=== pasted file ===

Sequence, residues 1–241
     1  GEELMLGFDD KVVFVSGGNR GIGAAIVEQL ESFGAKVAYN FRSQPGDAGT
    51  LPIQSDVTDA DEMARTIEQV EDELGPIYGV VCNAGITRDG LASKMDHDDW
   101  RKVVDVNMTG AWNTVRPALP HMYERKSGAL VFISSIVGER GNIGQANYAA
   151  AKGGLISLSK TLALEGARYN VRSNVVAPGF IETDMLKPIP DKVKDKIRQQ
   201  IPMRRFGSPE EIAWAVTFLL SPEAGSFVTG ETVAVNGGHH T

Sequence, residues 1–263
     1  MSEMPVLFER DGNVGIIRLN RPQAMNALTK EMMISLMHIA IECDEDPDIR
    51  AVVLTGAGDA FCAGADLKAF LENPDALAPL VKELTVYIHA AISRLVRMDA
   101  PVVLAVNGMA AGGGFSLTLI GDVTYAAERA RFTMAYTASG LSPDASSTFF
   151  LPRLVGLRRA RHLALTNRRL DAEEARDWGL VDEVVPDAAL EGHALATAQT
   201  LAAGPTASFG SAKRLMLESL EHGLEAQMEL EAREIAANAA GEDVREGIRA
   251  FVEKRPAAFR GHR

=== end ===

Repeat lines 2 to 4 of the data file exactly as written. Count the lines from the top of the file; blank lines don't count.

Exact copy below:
     1  GEELMLGFDD KVVFVSGGNR GIGAAIVEQL ESFGAKVAYN FRSQPGDAGT
    51  LPIQSDVTDA DEMARTIEQV EDELGPIYGV VCNAGITRDG LASKMDHDDW
   101  RKVVDVNMTG AWNTVRPALP HMYERKSGAL VFISSIVGER GNIGQANYAA